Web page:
Hundreds attend Lexington One meeting to discuss new learning po - - Columbia, South Carolina

Hundreds attend Lexington One meeting to discuss new learning policy


Hundreds of parents showed up Tuesday night for Lexington One's school board meeting to discuss the district's new "Grading for Learning" policy.

That policy has many parents, teachers, and students outraged.

The parents say they're outraged and stressed and so are their students.

Parents and students spoke for several hours. While we were there, dozens of parents told board members the policy just is not working. They say students grades are suffering because the only thing that matters are test grades and not all the work in between.

Under the policy, students are allowed to re-take tests. Some say that promotes mastery of the material while others say it causes undue stress and puts students with different learning abilities at a disadvantage.

"I have watched them who are honor roll, AP students go to making C's and D's," said Kimberly Stammire-Cockrell. "These children do not make these grades. They've never made these grades. They strive for excellence in athletics and in school and all this policy is doing is completely tearing them apart."

"I see it in our students, my classmates as well as myself when I wake up every morning," said student Erika Arndt. "I'm not motivated to go to school. I don't want to be there. I don't have anything to do there anymore. We take tests like, once a week, after my tests I can go home. I don't have any reason to be there because we don't learn anything else."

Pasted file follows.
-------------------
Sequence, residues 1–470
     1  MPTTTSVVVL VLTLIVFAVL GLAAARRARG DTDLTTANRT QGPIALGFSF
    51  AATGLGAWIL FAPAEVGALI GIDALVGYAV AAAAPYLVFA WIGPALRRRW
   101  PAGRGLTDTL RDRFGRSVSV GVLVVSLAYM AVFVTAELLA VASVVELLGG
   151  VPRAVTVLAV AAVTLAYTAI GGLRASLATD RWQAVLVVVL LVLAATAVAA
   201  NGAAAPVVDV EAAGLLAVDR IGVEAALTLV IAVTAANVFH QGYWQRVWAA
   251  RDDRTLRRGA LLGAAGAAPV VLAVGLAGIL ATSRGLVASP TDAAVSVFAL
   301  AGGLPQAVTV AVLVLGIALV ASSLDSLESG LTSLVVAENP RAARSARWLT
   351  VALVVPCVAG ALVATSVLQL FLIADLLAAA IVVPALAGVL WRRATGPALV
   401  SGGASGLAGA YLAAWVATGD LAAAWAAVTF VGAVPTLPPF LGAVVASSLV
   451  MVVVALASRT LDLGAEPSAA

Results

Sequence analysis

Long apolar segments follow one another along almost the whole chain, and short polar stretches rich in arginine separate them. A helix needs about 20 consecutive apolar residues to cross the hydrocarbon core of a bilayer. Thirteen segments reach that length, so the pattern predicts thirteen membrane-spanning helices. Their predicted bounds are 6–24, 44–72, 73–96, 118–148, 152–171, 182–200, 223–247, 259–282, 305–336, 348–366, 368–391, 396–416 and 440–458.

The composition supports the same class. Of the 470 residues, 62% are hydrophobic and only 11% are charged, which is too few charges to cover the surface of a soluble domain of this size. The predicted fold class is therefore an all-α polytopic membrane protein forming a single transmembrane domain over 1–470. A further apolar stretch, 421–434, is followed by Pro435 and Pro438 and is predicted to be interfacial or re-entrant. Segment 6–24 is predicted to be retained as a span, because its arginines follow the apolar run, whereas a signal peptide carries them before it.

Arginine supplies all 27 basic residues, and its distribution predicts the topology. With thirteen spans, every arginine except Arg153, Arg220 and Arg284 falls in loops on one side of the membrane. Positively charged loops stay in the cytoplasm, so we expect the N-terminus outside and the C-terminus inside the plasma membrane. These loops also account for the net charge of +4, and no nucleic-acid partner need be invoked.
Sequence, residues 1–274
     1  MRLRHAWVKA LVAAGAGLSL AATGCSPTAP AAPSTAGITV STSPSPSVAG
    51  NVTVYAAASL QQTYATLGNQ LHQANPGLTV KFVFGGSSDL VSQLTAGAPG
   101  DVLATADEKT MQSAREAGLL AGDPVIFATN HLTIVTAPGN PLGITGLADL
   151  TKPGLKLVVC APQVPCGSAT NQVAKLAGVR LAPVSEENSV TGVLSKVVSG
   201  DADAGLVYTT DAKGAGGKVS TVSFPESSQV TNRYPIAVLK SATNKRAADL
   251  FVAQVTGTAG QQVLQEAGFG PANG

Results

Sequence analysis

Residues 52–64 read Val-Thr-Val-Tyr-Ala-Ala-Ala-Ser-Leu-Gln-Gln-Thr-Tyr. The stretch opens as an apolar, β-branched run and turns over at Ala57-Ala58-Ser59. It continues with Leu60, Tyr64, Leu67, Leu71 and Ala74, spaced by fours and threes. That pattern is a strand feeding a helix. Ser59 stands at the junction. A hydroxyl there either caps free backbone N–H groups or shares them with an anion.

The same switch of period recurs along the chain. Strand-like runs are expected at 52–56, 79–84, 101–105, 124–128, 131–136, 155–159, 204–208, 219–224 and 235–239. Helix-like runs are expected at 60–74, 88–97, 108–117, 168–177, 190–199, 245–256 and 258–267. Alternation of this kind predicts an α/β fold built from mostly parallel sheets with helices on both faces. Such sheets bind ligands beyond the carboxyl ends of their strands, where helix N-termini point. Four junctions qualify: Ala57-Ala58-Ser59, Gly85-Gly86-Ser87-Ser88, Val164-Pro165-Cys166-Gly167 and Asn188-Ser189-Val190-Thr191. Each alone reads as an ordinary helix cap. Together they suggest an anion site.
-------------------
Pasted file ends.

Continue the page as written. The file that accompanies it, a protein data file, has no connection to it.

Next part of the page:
"I have never seen anywhere in the business world, anywhere in my personal world, or even anywhere in my spiritual life or church world where lowering the standard to include more people has raised the output of production," said one parent.

We found only one parent tonight who says the policy is not failing students. Michelle Lester says if the policy is implemented properly, she can see the benefits, particularly preparing students for college.

"What's happening right now, I've heard a lot in the room tonight about homework doesn't count. Well, so what? You should still do it because you need to learn. What I believe they're teaching my child is if you don't do the work, you're not going to get the grade. My kid didn't do her homework, she didn't know enough to pass the test. When they get to college, where I'm paying for it, they're going to know, I have to do my homework, I can't go to that party, I need to make a good decision, I need to learn the material so I can be successful, that's what I want from my child," said Lester.

One of the parents at the meeting read a letter by state Sen. Katrina Shealy, who believes the policy is in effective. She says, "This grading system needs a second look. Let's take time, back up, and re-group."

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